CLAMBROTHS, INDIANS, BANDED OPAQUES
A Clambroth is a swirl that has an opaque base with colored strands on the surface. The strands are generally equidistantly spaced.
The base color is usually opaque white. Some opalescent bases have been found. The most common colors for strands are pink, blue or green. A Clambroth that has strands of more than one color, usually alternating, is called “multicolored”. These are rarer than the single- color marbles. Marbles with a base glass color that is not white, usually black or blue are also rare. Translucent examples are also rare.
There are two different types of glass that were used for the base glass. One type is relatively hard, like other glass marbles, and does not chip easily. The other type is very soft and bruises quite easily. Some collectors believe that the hard type is German, while the soft type is early American, though they could just be different German makers. This does not appear to affect the value of the marble.
Missing strands or poor spacing of the strands results in a discount. Clambroths usually have eight to eighteen strands (depending on the marble size). There are some Clambroths that have thirty or more strands. These are called “caged” Clambroths and are very rare. There are also Clambroths that are “cased” in a layer of clear glass. These are also very rare.
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A Banded Opaque has either an opaque or translucent base glass. The surface of the marble has colored strands, bands or stretched colored flecks on it.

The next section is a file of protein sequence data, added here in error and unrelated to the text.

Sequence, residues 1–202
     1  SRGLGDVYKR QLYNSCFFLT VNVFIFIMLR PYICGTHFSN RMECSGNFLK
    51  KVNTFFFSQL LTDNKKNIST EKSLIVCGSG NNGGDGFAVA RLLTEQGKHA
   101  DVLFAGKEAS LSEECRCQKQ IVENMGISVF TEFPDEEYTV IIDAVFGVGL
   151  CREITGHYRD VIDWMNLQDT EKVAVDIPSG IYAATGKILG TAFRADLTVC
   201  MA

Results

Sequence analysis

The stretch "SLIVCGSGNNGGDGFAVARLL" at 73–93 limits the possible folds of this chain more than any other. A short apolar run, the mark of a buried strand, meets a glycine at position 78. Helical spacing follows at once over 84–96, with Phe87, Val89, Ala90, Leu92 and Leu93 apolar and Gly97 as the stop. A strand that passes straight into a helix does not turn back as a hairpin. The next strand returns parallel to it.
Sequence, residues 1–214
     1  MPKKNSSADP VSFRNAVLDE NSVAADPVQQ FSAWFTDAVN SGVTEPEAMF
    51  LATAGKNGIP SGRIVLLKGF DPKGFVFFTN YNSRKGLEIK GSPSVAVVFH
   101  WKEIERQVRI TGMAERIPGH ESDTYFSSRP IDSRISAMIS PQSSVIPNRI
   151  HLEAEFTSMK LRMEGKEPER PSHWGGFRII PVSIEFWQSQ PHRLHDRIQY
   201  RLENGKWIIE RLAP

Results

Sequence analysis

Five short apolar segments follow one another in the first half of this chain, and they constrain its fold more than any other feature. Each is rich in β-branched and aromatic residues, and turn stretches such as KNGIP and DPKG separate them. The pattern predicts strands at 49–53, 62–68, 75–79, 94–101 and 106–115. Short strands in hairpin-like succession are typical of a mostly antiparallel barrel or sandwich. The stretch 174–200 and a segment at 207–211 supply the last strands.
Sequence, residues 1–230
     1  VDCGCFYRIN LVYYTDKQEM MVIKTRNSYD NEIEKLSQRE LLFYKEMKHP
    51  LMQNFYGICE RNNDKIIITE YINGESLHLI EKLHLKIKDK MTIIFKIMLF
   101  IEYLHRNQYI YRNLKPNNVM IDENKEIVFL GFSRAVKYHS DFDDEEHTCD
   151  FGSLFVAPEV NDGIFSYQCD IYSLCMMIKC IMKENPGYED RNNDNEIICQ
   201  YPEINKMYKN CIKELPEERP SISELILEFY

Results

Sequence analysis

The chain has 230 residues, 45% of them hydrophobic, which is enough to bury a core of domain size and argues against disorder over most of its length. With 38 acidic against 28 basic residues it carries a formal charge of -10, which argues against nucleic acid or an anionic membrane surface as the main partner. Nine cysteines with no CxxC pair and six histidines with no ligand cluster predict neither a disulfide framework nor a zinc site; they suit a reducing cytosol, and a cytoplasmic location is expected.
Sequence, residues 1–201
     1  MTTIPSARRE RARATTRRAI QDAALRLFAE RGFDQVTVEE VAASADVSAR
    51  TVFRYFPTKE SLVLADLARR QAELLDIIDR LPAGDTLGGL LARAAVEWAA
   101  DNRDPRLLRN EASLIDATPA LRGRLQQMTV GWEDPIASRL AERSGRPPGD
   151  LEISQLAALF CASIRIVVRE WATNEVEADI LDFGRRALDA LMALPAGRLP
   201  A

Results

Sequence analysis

A “swirl-type” banded opaque has colored strands and bands that are unbroken from pole to pole. An “end-of-day-type” banded opaque has bands of stretched colored flecks on the surface. The stretched flecks generally are not continuous from pole to pole. One type does not seem to be any rarer than the other, but the “swirl-type” are valued slightly higher, probably because they tend to look better-designed.
Marbles with multi-color bands are rarer, as are marbles with a color base glass, rather than the white base. There are some marbles that have either a brightly colored base or brightly colored bands. These are sometimes referred to as “electric” and are valued much higher than other banded opaques.
There is a rare type of banded opaque called a “Lightning Strike”. This is a white base marble with several bands around the equator in several colors. The bands look like lightning bolts.
There are also banded opaques with a base that is satin glass. These are extremely rare.
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An Indian is a banded opaque marble that has an opaque black base. On the surface are bands consisting of colored strands or stretched colored flecks.
A “swirl-type” Indian has colored strands that run unbroken from pole to pole. The bands can be a solid color, or a colored band that consists of subsurface opaque white strands covered by a transparent color. An “end-of-day-type” Indian has bands of stretched colored flecks that do not run continuously from pole to pole. “Swirl-type” Indians are about as common as “end-of-day type” Indians, but are valued more highly, probably because they appear to the eye to be better designed and have more eye appeal.
The surface usually has two bands on it. Multi-band examples are rarer and command a premium. Generally, the more surface area that is covered by color, the more valuable the marble. Indians that are completely covered by color are called “360 Indians” (360 degrees).
There are marbles with a translucent dark red or dark amethyst base glass. These are called “mag-lites” and carry a premium. Blue, green or amber translucents are much rarer.
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